Delusions rooted in battlefield trauma and civil unrest after George Floyd’s death led a judge to find a 24-year-old former Marine not guilty by reason of mental illness for breaking into a Shakopee home and fatally shooting a man.
Brady D. Zipoy was acquitted of second-degree intentional murder Wednesday in Scott County District Court and ordered civilly committed to the St. Peter Security Hospital in connection with the killing of 65-year-old Timothy Guion in June.
Based on two psychiatric evaluations, Judge Paula Vraa ruled that Zipoy “did know the nature of his act at the time” when he shot Guion multiple times, but he “was laboring under such a defect of reason … that he did not understand that his act was wrong.”
Therefore, Vraa’s order read, the law requires that Zipoy “be excused from criminal liability by reason of mental illness.”
County Attorney Ron Hocevar said Thursday, “It’s a tough pill to swallow when you have somebody who murdered another individual in cold blood. There is no criminal punishment, but he will receive mental health care.”
Hocevar said both evaluations were done by highly respected psychologists, and Zipoy’s attorney presented “a valid mental illness defense. We do find it sincere.”
Zipoy, of Minneapolis, remains jailed ahead of his transfer to the state-operated hospital for treatment until a judge rules him no longer a threat to the community. Hocevar said it’s possible that Zipoy might never win release, but he called a lifetime of commitment “a remote possibility.”
The Prior Lake High School graduate admitted under police questioning that night to killing the man who was a stranger to him, but the court-ordered examinations revealed that Zipoy had been suffering from various psychotic episodes connected to politics, religion, Floyd’s death that spring and his military service.
Defense attorney Brockton Hunter said Thursday that Zipoy’s overseas military service played a large role in his client’s mental instability.
“He saw a significant amount of combat” while fighting ISIS militants in the northern city of Raqqa, Hunter said. “His commanding officer had nothing but praise for Brady.”
Zipoy left the service in 2019, and “when COVID hit [in March 2020] and he seemed to decline at a more decreasing rate” because he was unable to attend college and socialize as much, the attorney said.
Then came Floyd’s death and the sometimes violent unrest that brought a large response by the National Guard and local law enforcement.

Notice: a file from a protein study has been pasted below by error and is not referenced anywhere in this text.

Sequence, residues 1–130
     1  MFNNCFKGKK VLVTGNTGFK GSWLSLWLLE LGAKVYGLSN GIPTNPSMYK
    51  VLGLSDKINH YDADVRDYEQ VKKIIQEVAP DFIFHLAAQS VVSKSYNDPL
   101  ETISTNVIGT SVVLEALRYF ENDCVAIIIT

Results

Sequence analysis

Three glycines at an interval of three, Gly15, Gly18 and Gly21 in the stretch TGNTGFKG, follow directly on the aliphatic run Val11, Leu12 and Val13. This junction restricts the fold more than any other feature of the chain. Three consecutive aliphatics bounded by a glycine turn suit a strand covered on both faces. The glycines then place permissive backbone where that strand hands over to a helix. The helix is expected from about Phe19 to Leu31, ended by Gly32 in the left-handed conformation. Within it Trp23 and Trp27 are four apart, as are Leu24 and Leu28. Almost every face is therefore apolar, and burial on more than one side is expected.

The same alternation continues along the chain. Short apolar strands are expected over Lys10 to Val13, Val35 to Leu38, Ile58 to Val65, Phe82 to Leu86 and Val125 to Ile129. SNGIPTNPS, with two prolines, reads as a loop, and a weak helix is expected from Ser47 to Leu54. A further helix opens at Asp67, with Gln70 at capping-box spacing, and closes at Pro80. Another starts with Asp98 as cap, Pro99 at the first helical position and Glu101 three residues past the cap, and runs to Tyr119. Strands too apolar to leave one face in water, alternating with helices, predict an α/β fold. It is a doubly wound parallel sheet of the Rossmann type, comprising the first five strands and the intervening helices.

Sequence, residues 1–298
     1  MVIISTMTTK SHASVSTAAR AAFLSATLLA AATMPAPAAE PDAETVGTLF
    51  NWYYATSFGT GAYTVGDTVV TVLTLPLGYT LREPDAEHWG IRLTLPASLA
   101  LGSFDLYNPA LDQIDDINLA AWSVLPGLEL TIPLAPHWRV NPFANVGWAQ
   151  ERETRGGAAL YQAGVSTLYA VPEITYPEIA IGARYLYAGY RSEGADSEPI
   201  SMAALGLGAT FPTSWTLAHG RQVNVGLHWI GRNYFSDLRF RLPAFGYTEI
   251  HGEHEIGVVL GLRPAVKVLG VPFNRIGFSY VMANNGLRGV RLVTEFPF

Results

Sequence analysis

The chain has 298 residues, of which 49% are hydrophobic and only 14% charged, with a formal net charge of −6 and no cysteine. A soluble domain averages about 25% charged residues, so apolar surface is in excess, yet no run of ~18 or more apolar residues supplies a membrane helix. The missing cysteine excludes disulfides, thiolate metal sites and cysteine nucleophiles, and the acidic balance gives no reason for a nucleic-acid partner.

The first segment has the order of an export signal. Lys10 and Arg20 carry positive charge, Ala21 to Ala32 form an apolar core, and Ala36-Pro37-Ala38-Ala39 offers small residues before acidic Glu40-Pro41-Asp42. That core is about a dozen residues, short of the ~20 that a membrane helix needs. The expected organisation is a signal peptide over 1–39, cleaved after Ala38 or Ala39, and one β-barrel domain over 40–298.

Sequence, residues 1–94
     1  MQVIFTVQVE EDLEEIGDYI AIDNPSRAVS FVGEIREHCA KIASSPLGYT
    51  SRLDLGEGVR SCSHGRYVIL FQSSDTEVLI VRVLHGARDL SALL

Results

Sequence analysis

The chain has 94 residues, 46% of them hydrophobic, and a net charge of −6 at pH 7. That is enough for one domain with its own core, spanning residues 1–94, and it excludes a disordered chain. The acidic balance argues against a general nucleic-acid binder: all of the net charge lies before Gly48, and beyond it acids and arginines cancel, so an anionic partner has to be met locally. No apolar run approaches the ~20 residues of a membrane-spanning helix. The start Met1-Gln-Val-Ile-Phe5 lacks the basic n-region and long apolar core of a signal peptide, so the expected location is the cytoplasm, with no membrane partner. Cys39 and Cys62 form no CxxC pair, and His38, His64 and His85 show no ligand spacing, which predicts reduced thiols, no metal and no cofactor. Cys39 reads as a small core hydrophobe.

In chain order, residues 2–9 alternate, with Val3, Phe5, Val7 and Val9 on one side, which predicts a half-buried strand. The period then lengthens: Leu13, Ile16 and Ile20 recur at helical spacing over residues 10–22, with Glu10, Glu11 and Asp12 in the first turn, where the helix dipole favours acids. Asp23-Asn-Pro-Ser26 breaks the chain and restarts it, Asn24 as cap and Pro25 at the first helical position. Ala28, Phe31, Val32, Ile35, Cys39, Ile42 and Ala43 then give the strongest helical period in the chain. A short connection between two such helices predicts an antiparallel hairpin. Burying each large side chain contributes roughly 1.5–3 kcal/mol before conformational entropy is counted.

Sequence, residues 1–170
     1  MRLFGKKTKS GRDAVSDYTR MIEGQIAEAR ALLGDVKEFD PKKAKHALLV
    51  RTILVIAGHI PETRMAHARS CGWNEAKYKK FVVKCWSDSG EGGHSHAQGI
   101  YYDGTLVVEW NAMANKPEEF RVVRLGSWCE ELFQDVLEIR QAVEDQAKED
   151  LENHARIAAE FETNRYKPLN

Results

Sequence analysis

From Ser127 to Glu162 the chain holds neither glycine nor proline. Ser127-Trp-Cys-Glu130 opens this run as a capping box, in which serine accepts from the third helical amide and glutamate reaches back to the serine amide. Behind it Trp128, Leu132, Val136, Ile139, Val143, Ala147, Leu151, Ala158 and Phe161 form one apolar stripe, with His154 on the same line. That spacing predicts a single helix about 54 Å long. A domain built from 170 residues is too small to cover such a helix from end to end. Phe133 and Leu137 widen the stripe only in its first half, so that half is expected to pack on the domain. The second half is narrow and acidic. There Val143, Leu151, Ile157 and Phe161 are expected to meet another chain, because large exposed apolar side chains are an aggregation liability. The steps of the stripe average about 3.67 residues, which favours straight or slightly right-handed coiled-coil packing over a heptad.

“He was being impacted by the helicopters flying overhead constantly,” Hunter said. “His delusions started taking control, and he became more and more out of control.”
The judge’s order spells out Zipoy’s actions in the Shakopee neighborhood, which are based on law enforcement investigations and agreed to by the defense, and the conclusions reached by the forensic psychologists who examined him in the months following the killing.
Early in the evening on June 8, Zipoy was smoking marijuana in a friend’s basement in the 2400 block of Paha Circle before driving off. He soon returned to the block and parked in the drive of a neighbor’s home.
He went inside, shot Guion in the head, chest and elsewhere while several family members were either in the home or just outside. Zipoy contended that he felt threatened when Guion unsnapped a holster holding a gun. Guion’s weapon was on the floor next to his body.
A barefoot Zipoy then came outside firing the semiautomatic handgun in the air while running toward his friend’s home nearby. Zipoy dropped the weapon outside and was arrested.
The mission of the court-ordered psychological examinations was to determine whether Zipoy understood that what he did was wrong.
A defense doctor was first and found that Zipoy was suffering from schizophrenia, depression, anxiety and likely post-traumatic stress disorder possibly related to his years in the Marines. He told the doctor that his artillery unit spent three months in Syria and “was engaged in active combat,” one court filing read.
Zipoy also told the doctor that he quit taking his antidepressant and sleep aid medication because of unspecified side effects.
In the time leading up to the killing, Zipoy exhibited psychotic symptoms of delusions, hallucinations and “impaired thought processes,” the doctor wrote.
Specifically, he lost sleep because of anxiety over the unrest following Floyd’s death in Minneapolis two weeks earlier. Zipoy said he patrolled his south Minneapolis neighborhood feeling like he was back in Syria.
Zipoy’s preoccupations turned to politics and religion. He told of driving toward Washington, D.C., a day before the killing after seeing a photo of President Donald Trump holding a Bible in front of a church. He made it to Michigan only to turn back.
A state-arranged second exam concluded that Zipoy “was far removed from the reality of his circumstances” when he shot Guion.
As why Guion was targeted, the follow-up diagnosis found that Zipoy equated him to the serial killer Ted “Unabomber” Kaczynski and his duty was “to free the world.”
County Attorney Hocevar said “the victim’s family is understandably not satisfied.”
Several family members were allowed to give victim impact statements during Wednesday’s hearing, a gesture from the judge that is usually reserved for sentencings. They spoke of him being a single father working two jobs while raising his children after their mother left.
“You try to explain it the best you can” to grieving loved ones, Hocevar said. “We don’t convict the mentally ill.”
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